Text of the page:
Consider how often, when someone shares a problem or a concern, the response by others is something like:
- “It’s going to be okay”
- “You’ll handle it just fine!”
- “You are so smart/capable/creative so don’t worry“
- “You always figure out problems – just give it a little time.”
Think about how often we jump into conversations where someone shares a problem or concern by giving some kind of reassuring statement that basically says, “It really isn’t a problem,” or “It really isn’t that big a problem,” or “You are so capable you’ll figure it out.” While the intention is genuinely caring with an underlying desire to be supportive, these statements can be experienced as discounts that put down how serious the problem is or the reality of how hard someone is struggling with something.
An article by psychologist Dr. Jamie Long entitled, “What is Invalidation? Five Things You Shouldn’t Say” describes these kinds of statements as invalidations. In the article Dr. Long states the following:
“By definition, invalidation is the process of denying, rejecting or dismissing someone’s feelings. Invalidation sends the message that a person’s subjective emotional experience is inaccurate, insignificant, and/or unacceptable.
Invalidation is one of the most damaging forms of emotional abuse and can make the recipient feel like they’re going crazy! What’s scary, it can be one of the most subtle and unintentional abuses. The invalidated person will often leave a conversation feeling confused and full of self-doubt.”
Dr. Long says that sometimes invalidation is a form of manipulation, an attempt to control, or even cause psychological injury. Sometimes the person who is invalidating someone has low empathy or compassion, or just doesn’t understand or value the importance of validating another person’s thoughts or feelings. Those who invalidate often are very well-intended, desiring to help someone feel better.
Here are some common invalidating, discounting statements Dr. Long shares:
- “At least it’s not…” -or- “It could be worse.”
- “You shouldn’t feel that way…”
- “Think happy thoughts. Don’t dwell on your problems.”
People can feel very uncomfortable when witnessing someone else’s discomfort, stress, or pain. Statements that are invalidations often come from a place of compassion, a desire to help somebody feel better.
The actual impact on the person on the receiving end includes feeling alone and misunderstood, dismissed, and/or devalued.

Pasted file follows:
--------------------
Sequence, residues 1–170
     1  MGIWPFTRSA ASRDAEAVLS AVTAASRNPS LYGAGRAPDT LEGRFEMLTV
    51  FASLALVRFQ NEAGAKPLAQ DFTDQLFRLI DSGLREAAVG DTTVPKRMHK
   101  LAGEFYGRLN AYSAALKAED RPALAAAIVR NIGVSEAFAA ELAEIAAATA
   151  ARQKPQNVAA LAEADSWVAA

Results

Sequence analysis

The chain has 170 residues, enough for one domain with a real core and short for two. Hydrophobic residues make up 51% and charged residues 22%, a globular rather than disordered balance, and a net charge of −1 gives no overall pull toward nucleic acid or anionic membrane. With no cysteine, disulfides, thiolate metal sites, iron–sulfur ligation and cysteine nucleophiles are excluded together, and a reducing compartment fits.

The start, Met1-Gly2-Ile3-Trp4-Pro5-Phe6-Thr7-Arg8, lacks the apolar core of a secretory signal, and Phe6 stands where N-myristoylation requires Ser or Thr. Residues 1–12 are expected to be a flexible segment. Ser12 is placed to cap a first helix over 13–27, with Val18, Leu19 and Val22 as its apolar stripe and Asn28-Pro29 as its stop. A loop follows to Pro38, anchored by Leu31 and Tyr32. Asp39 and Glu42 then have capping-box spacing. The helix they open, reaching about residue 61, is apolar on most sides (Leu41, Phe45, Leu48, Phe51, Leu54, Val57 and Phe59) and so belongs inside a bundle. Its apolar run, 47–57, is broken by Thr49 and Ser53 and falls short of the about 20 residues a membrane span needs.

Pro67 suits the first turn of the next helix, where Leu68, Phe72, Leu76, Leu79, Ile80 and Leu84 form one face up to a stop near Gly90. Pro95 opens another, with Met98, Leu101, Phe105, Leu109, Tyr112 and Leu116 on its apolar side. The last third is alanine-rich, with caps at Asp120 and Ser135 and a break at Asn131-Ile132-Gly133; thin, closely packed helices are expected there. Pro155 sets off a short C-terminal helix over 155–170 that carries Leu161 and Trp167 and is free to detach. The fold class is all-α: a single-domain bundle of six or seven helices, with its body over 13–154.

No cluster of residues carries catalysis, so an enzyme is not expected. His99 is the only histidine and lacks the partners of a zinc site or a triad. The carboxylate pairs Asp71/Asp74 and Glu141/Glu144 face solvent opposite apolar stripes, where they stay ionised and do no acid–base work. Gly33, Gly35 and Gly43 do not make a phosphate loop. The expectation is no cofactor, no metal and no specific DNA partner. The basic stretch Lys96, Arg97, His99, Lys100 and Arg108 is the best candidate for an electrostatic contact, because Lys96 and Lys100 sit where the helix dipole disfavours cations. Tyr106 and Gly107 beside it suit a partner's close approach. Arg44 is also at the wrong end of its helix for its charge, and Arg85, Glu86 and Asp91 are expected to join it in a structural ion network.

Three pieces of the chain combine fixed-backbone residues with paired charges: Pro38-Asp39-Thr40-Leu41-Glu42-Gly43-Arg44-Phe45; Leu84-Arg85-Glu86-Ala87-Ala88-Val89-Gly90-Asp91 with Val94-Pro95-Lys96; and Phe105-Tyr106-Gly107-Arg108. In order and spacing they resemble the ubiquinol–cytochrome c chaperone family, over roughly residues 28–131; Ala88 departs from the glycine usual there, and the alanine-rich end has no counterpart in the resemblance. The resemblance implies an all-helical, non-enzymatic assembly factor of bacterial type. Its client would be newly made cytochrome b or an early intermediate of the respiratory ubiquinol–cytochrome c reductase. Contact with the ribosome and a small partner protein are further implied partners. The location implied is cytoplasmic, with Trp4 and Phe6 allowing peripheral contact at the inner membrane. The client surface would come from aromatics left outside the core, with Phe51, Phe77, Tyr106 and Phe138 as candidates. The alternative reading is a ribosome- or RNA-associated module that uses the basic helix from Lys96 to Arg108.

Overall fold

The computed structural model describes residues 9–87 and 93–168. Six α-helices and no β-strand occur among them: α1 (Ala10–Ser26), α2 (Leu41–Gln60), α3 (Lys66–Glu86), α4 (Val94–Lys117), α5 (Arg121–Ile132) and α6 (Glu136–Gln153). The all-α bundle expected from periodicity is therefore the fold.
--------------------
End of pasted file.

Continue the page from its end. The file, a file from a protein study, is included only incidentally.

How can we respond when someone is hurt or struggling? We do the opposite of invalidation: we validate. We say things that acknowledge someone’s experience and feelings. We acknowledge their pain, their disappointment, their loss, and grief.
- “You are feeling so hurt because…”
- “You expected … and then when this happened instead. It made you feel…”
- “You were blindsided when…”
- “You are deeply grieving the loss of….trust, hope, security, a friendship.”
It’s hard not to rush in when someone is hurting and attempt to stop their pain by using reassuring statements. It can seem uncaring to stick with validating someone’s needs, feelings, or issues. That is, until you do it and see how people respond to being understood and appreciated, their relief, appreciation, and even the freedom to do some of their own problem solving once their feelings are validated.
I challenge you to become more aware of how you respond when someone is struggling and more mindful about validating their thoughts and feelings. At first it can feel very foreign. Over time and with practice, my hope is you will experience the other person’s relief and freedom to feel what they feel.
Once someone has been adequately validated, it is okay to throw in some statements that reassure and encourage them.
Invitation for Reflection
- Do you recognize that you often try to care for someone who is struggling by reassuring them?
- Do you see how reassuring can be invalidating and can do the opposite of what you were intending?
- Notice what happens when you respond to someone’s pain by validating that pain. How does that impact how you will respond in the future when someone shares that they are struggling?